You will need a user name, password and customer code. If you are developing an API application to an ERPLY customer, please ask the customer to provide their customer code, and to create a user account for you. “Customer code” is a number consisting of up to 6 digits, eg.: 7704 or 100123.
First, perform an API “verifyUser” call to authenticate and receive a session key. This session key must be included in all subsequent API calls, as a simple POST parameter. Our sample PHP wrapper class does this automatically for you — authenticates when needed and adds session key to your API calls.
When the session expires (it is typically valid for 1 hour), your API calls start returning a 1054 or 1055 error. If you are developing an API wrapper class from scratch, we recommend you to make it automatically re-authenticate and re-issue an API call upon that kind of error.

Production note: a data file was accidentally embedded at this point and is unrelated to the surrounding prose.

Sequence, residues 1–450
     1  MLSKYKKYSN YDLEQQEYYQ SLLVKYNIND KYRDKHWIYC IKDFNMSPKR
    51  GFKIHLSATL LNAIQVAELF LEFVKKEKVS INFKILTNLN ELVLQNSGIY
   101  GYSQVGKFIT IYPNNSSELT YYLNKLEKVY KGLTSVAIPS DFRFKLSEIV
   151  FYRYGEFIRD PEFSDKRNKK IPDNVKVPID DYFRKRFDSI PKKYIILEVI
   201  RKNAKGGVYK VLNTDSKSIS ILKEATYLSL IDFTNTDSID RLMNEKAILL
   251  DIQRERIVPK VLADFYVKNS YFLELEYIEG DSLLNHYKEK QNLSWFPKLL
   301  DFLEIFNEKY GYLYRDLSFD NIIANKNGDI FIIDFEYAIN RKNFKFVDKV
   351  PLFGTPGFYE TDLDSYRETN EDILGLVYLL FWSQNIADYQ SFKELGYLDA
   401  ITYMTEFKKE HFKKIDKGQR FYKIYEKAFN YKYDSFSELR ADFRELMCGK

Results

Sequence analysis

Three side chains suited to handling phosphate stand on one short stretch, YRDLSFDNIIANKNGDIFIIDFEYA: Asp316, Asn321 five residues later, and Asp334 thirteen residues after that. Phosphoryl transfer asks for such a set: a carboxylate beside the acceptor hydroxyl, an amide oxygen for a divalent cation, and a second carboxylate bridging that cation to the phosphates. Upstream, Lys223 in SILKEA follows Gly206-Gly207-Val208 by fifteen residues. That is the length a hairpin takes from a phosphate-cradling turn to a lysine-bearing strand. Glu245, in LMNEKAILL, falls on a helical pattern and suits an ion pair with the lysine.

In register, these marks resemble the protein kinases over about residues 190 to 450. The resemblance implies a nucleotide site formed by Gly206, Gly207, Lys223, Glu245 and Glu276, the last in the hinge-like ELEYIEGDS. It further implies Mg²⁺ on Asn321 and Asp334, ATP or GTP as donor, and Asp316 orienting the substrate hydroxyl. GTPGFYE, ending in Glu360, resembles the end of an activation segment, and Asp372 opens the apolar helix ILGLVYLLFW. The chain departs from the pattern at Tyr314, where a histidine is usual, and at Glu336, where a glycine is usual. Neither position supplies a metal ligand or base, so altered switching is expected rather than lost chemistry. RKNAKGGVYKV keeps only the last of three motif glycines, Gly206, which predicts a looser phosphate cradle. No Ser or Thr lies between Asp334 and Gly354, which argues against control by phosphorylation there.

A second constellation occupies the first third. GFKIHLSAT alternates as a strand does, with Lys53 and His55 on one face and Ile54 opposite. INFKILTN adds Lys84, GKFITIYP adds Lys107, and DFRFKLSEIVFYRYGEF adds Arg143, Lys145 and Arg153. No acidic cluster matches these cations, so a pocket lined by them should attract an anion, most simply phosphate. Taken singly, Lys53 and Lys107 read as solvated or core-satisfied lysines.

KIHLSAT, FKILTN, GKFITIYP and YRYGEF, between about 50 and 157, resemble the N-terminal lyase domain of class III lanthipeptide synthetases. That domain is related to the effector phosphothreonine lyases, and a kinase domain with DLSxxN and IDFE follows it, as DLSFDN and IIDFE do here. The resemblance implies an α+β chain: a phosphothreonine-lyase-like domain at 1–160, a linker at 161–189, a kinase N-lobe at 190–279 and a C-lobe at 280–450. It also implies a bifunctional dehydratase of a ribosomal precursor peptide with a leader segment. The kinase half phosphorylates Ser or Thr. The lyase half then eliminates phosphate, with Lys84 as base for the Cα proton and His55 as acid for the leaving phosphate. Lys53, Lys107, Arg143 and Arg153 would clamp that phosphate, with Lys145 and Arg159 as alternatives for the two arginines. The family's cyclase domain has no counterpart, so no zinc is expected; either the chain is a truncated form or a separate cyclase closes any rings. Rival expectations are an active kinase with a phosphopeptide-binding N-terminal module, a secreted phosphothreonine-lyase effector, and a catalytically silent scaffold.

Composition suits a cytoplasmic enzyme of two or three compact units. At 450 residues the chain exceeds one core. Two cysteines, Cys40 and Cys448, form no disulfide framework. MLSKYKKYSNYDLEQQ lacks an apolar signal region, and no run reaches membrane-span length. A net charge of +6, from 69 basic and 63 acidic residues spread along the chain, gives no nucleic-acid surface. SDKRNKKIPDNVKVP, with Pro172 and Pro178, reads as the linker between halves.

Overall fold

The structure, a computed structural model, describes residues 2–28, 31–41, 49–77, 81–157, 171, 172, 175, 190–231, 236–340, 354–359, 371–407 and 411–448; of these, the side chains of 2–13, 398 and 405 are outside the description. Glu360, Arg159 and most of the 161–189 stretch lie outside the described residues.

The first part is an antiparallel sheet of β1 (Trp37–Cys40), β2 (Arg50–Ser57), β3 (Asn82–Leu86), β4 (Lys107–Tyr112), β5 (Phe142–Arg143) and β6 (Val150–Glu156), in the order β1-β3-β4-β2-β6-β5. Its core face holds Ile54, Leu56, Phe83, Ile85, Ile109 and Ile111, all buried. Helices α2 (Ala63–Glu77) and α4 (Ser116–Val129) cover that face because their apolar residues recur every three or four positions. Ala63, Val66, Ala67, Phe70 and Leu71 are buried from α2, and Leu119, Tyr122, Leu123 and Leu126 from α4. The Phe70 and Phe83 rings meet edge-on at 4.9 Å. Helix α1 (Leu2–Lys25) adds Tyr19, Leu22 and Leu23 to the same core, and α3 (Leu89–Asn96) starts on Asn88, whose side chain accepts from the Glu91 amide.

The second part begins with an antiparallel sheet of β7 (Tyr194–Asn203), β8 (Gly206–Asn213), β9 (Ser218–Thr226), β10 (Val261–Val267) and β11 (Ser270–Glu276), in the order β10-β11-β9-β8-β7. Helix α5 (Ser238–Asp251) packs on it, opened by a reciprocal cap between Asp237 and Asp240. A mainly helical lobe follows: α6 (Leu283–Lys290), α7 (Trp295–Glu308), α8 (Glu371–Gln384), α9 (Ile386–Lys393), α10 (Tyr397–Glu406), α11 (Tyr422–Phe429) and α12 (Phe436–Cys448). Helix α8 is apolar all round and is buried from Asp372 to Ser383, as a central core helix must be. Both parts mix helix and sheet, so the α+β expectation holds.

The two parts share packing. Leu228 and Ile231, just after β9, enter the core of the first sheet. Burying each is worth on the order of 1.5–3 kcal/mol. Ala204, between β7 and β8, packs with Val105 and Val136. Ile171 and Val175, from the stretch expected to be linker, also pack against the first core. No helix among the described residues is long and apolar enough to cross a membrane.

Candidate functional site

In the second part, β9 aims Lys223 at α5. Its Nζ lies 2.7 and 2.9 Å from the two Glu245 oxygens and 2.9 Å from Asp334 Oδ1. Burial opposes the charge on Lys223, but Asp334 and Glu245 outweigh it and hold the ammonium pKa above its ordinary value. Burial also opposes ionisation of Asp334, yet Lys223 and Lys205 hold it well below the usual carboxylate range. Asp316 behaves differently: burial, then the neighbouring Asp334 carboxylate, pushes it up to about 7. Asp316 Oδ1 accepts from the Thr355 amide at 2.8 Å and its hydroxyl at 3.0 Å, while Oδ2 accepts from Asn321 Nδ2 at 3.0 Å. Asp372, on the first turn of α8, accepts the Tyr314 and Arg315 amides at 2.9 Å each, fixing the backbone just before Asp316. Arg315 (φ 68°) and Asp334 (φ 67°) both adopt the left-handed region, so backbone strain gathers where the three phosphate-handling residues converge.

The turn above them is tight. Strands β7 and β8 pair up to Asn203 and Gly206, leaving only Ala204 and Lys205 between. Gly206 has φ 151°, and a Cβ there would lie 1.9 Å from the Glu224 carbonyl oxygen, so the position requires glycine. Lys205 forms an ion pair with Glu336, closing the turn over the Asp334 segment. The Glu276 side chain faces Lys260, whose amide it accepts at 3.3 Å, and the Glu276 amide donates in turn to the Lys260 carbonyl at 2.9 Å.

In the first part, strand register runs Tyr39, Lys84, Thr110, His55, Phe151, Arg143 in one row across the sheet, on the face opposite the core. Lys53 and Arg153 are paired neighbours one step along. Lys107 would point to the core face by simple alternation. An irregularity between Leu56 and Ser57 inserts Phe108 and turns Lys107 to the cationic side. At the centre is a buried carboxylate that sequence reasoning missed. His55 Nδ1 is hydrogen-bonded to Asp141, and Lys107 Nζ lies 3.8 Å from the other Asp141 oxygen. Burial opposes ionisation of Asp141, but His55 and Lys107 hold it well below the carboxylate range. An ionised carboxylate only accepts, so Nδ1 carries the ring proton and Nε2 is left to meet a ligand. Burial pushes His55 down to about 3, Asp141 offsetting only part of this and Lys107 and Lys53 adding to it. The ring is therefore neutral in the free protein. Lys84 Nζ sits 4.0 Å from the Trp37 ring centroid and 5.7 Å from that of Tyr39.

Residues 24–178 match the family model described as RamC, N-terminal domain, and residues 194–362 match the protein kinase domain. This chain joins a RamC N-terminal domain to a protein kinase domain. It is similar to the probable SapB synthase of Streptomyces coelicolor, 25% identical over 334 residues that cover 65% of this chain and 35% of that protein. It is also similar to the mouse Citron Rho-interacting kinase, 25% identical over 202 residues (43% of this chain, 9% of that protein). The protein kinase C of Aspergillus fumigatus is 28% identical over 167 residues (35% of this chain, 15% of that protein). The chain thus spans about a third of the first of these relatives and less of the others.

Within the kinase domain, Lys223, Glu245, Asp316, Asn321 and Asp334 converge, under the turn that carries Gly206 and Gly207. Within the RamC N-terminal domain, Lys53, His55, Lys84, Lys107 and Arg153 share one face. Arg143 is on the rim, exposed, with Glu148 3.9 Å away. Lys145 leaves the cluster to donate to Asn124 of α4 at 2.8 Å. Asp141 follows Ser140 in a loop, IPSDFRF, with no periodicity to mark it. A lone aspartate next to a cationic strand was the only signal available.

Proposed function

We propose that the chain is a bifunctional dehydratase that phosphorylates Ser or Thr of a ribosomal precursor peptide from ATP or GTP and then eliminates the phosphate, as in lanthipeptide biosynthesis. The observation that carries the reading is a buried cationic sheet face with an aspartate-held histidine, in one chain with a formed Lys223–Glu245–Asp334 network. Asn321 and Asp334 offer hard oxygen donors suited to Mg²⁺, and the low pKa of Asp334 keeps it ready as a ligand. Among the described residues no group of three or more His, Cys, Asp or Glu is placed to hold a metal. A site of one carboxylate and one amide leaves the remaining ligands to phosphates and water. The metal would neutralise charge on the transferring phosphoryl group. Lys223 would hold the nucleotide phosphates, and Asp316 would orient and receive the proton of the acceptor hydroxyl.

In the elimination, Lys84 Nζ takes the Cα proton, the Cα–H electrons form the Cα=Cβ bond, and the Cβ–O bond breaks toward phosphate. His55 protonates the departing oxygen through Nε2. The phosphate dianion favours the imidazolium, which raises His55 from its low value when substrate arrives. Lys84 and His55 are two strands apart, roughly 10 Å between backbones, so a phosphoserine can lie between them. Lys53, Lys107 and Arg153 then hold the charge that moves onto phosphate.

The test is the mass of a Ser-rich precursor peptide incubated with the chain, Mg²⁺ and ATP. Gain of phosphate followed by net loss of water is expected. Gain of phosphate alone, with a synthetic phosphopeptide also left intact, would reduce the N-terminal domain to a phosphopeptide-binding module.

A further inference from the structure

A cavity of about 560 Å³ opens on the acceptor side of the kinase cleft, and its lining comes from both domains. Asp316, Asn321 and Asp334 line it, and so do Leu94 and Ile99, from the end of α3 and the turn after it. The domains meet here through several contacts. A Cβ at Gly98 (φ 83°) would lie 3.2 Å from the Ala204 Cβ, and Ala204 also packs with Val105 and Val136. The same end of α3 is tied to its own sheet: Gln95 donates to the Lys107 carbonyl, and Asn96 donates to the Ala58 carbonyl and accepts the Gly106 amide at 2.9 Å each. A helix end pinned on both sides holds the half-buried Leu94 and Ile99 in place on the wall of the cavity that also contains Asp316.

If you do not have an Erply account yet, create it here.
Every API call is a HTTP POST request in traditional
parameter1=value1¶meter2=value2 format. Server responds by sending an XML or JSON document that contains response metadata and requested records.
We also advise you to add input parameter
sendContentType=1 to every API call. This ensures that server will respond with an appropriate Content-Type header:
application/json; charset=UTF-8for JSON;
application/xml; charset=UTF-8for XML.
For backward compatibility reasons, API does not return that header by default.
If your language is not listed, check out the cURL example. It is really easy to write your own wrapper.
API allows at most 1000 requests per hour, per account. Once you reach that limit, all API calls will start returning error code 1002.
If your application hits the limit, the recommended course of action is to wait until the beginning of next hour and resume operations. For example, you may configure your application to retry every 10 minutes until the limit clears.